Album Review: Tennis – Yours Conditionally

‘Yours Conditionally’ the new album from Tennis was ceremonially launched from the jetty of their own label, ‘Mutually Detrimental’ on the 10th March. This finest of Riviera deserts is made up of ten tracks that are like dollops of whipped ice cream, dazzled in crystal sugar, lathered in unctuous sauce and flaked in nearly the finest, crumbliest, chocolate. Reader prepare yourself now for further icky naval puns, as there are more afloat!

Tennis are the husband and wife duo of Alaina and Patrick. Their debut ‘Cape Dory’ made waves as it breached the rocky shores of popular recognition back in 2010. Thematically the album was a record that centred on the couples escape from their home in America’s Denver. Setting sail as they swapped their landlocked lives, Tennis embarked on an adventure upon the Atlantic Ocean. ‘Cape Dory’ was heralded for it qualities as a musical travelogue and received both popular and critical acclaim from across the seven seas. Having toured with Haim, given performances for and made fans of names such as Leno and Letterman and appearing at several of David Lynch’s curated shows the band returned to the high seas to write this new record.

Critics say that the duo having partially written ‘Yours Conditionally’ whilst sailing at sea plots the band at point of maturation, offering a salute, a bow, a fond look to their past. Whilst also sternly facing a contemporaneous uncertainty, a confusion, afore the horizon of their future. This time around Alaina Moore’s lyrical compositions convey her commitment to addressing such topics as female identity and gender politics.  Generally, the partners have dug a little deeper than their more recent glossy-pop. Breaking the surf and submerging to a marginally darker undercurrent. Layers of murkier themes are at play wedding discussions of identity and self-sacrifice to some of their most pristine and infectious hooks yet.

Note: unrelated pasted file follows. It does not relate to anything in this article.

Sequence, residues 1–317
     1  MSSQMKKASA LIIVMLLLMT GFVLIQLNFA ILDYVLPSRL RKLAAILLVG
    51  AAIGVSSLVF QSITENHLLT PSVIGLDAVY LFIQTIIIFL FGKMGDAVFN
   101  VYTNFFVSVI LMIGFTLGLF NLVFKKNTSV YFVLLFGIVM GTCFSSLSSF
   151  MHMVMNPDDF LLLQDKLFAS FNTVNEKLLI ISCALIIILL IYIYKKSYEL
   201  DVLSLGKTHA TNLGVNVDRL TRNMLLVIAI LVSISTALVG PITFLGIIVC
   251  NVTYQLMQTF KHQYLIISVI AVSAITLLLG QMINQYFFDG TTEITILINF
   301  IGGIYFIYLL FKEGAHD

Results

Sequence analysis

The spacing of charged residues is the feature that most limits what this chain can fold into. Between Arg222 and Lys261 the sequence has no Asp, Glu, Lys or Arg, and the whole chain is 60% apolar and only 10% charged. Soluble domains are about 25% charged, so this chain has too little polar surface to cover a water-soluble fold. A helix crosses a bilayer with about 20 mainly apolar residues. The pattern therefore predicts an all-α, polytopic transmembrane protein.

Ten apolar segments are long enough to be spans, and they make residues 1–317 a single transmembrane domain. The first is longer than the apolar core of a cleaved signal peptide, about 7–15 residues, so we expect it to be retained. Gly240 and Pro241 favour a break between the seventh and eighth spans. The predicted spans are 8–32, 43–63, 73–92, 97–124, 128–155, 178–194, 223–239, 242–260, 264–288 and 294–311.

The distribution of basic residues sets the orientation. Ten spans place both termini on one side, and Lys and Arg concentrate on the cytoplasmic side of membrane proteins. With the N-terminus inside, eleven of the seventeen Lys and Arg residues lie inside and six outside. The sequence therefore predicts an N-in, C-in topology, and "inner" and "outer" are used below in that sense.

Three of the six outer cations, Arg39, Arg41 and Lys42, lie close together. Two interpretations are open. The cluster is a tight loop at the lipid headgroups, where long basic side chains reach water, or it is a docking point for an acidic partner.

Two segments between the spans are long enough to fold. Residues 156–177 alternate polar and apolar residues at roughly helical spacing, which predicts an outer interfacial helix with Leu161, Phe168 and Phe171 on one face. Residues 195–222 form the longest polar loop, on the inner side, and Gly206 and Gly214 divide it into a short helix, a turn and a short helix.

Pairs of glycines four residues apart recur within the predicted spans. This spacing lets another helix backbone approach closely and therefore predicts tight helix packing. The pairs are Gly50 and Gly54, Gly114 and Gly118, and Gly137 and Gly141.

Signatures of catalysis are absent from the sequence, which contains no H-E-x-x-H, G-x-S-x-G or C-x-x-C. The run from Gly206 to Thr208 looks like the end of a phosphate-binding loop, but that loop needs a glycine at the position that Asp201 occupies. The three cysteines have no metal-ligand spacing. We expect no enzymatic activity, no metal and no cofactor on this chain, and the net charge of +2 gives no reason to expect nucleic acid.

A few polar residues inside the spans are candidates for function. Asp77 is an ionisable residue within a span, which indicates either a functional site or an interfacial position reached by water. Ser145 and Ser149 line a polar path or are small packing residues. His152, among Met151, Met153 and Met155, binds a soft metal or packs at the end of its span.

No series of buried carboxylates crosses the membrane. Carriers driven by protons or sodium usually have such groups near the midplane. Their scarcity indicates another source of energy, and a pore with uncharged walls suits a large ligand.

I say ‘Yours Conditionally’ is a vintage yacht-pop voyage that circumnavigates, in a musical return via nautical routes to the bands origins and follows a course that sees the band having refined their sound. Yet even drawn into the spin of this whirlpool they remain to be the producers of very much the danceable, soulful lissom pop, sixties girl group melodies and lilting seventies instrumentation they’ve grounded a reputation on.

Climb aboard with the surf shuffle alt-country of ‘In the Morning I’ll Be Better’. Slip on sunglasses, shimmering to ‘My Emotions Are Blinding’ set sail upon the ‘Fields of Blue’ and float on a Rhubarb and Custard theme tune fuzz distorted lead solo in ‘ladies Don’t Play Guitar’. Momentarily dip into the lover’s rock pool of ‘Marriage’ with its haunting Hammond organ. ‘Baby Don’t Believe’ that Alaina has invoked ‘Like a Virgin’ era Madonna as the tropical breeze of ‘Please Don’t Ruin This For Me’ casts us away and ’10 minutes [become] 10 years’ giving time for a ‘Modern Woman’ to drift in reminiscence then land safely, if a little salty, upon the shore to the welcoming tune of ‘Island Music’.

Quite a holiday.

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